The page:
Mar 5, 2019

Judge rules employers must disclose pay by gender, race

President Donald Trump. Photo: Cheriss May/NurPhoto via Getty Images

A federal judge ruled on Monday that the Trump administration must reinstate an Obama-era requirement for companies to report how much they pay their employees, along with their gender and race — a move supporters say would address pay disparities among workers of different groups.

Details: The rule went into effect in September 2016, mandating private employers with 100 or more employees and federal contractors with 50 or more workers disclose their pay data. U.S. District Court Judge Tanya Chutkan said the Trump administration failed to justify that its move to block the regulation in August 2017 would ease the burden on employers. Chutkan's ruling reportedly affects over 60,000 companies that employee 63 million people.

Go deeper: The real wage gap for women

Go deeper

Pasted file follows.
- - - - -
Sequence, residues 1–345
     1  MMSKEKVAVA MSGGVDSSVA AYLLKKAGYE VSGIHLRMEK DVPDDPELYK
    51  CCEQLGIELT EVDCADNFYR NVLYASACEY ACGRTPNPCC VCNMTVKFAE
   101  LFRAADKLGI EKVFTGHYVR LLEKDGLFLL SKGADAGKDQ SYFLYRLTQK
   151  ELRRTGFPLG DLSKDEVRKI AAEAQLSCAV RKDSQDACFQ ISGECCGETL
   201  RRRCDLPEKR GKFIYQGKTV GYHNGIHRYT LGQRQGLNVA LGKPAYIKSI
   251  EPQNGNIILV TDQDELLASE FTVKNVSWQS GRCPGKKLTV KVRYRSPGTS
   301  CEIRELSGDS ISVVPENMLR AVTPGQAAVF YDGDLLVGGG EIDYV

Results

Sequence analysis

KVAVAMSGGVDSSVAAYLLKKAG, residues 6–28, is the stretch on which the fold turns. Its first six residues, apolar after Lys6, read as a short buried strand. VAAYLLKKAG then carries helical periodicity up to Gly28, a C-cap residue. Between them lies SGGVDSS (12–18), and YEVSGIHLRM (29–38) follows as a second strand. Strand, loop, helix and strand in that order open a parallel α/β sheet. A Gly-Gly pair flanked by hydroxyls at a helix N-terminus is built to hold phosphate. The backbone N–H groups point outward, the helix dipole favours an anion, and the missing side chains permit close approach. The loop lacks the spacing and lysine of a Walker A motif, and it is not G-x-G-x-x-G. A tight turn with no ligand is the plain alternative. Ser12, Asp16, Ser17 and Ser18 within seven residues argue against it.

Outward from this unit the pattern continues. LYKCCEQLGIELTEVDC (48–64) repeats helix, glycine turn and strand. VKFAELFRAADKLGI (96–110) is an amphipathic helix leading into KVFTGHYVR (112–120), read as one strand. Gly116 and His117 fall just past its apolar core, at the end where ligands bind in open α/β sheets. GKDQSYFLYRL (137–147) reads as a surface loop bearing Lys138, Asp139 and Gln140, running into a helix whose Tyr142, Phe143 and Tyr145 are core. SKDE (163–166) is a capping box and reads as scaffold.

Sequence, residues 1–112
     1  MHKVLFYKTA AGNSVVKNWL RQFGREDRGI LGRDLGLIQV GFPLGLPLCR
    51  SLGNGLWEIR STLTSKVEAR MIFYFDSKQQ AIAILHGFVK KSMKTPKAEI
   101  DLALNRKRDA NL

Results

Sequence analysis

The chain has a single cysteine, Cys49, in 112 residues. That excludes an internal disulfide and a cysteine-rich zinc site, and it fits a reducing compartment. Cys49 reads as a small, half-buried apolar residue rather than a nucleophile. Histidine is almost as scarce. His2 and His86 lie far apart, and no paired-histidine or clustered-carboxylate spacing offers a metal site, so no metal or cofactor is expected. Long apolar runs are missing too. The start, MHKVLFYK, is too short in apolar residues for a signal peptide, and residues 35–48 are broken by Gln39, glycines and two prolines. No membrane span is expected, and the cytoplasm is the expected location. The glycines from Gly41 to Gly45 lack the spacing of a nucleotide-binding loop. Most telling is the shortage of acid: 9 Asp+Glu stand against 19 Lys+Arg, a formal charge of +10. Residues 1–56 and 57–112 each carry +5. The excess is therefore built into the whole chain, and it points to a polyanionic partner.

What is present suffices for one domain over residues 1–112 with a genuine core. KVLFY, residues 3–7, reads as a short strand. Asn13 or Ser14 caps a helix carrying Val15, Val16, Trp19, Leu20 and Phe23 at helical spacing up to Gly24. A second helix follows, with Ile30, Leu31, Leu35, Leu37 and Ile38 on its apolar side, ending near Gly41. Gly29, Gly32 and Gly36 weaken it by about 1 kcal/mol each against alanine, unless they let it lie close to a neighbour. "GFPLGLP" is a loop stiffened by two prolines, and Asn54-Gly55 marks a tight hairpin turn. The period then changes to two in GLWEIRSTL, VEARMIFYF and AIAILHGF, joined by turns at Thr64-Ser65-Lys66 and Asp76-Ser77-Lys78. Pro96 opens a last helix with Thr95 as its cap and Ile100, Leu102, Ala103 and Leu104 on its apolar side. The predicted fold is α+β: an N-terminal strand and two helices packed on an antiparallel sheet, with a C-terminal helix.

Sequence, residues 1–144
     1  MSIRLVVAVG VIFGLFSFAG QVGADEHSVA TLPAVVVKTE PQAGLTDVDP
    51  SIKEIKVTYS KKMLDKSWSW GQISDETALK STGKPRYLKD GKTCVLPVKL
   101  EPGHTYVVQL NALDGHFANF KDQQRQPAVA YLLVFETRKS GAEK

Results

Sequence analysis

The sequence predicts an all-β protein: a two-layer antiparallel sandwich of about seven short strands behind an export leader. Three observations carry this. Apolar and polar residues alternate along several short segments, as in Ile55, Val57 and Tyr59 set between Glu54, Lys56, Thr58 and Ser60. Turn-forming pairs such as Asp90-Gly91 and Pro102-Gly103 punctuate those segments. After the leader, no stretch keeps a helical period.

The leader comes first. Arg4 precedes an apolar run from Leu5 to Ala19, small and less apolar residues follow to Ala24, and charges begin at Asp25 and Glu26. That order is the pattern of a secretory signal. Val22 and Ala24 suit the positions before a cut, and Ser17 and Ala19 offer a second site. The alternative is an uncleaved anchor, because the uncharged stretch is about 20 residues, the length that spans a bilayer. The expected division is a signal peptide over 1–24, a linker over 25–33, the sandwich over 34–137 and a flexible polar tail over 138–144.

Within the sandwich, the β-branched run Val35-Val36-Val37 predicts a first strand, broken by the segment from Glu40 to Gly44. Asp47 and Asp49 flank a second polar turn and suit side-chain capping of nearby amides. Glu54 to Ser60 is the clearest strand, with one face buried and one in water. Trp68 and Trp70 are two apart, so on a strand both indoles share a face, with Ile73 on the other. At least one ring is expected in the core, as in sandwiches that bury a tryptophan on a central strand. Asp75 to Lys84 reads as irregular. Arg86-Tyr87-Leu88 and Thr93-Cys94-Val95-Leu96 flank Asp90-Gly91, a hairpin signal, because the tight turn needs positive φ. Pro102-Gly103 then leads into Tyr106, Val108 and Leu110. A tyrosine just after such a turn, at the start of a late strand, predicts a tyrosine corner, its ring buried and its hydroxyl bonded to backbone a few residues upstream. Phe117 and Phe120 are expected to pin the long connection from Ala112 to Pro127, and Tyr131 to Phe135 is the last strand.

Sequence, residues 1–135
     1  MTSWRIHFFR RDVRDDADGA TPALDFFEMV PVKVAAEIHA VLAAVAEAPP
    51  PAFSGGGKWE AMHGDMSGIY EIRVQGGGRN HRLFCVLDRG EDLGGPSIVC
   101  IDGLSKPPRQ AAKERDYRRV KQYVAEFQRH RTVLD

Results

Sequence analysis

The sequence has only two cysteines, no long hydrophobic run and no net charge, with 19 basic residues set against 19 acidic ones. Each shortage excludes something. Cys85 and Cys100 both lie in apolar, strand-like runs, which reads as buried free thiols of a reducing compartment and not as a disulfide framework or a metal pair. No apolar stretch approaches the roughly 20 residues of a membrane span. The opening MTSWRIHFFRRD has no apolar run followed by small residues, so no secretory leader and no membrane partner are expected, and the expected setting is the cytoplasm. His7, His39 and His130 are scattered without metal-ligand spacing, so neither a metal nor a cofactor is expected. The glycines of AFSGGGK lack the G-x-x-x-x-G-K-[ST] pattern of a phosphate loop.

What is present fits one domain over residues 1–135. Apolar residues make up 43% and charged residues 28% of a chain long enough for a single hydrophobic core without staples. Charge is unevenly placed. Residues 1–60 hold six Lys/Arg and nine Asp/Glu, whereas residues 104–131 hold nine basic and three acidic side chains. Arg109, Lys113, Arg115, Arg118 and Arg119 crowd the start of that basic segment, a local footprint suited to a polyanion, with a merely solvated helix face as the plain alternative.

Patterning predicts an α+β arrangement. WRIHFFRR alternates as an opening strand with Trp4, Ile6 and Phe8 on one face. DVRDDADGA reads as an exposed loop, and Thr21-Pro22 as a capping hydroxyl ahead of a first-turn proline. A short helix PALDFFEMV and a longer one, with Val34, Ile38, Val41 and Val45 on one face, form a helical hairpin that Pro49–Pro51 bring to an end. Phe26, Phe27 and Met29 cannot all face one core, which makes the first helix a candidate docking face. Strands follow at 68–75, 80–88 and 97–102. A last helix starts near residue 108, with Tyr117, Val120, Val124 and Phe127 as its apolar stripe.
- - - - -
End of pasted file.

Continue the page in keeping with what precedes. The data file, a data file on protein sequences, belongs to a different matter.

Kenan Thompson and Hasan Minhaj to headline White House Correspondents' Dinner

Kenan Thompson on "SNL" in 2018. Photo: Rosalind O'Connor/NBC via Getty Images

Kenan Thompson, the longest-tenured "Saturday Night Live" cast member, will host the White House Correspondents' Association dinner on April 25.

And Hasan Minhaj — host of Netflix’s "Patriot Act with Hasan Minhaj," and the entertainer at the 2017 dinner — will return as featured entertainer.

"Billions": Season 2020

Mike Bloomberg speaks at Hardywood Park Craft Brewery in Richmond, Va., on Saturday. Photo: James H. Wallace/Richmond Times-Dispatch via AP

Money alone can’t buy a presidential election, but it surely gets you VIP access.

Why it matters: Billionaire Michael Bloomberg is duking it out with Billionaire Donald Trump, often on Billionaire Jack Dorsey’s Twitter and in ads on Billionaire Mark Zuckerberg’s Facebook, all chronicled in Billionaire Jeff Bezos’ Washington Post. 

Biometrics invade banking and retail

Illustration: Eniola Odetunde/Axios

Banks have been quietly rolling out biometrics to identify customers — verifying them by their fingerprint, voice or eye scan — and retailers like Amazon are getting into the game.

Why it matters: These companies are amassing giant databases of our most personal information — including our gait, how we hold our cellphones, our typing patterns — that raise knotty questions about data security and privacy.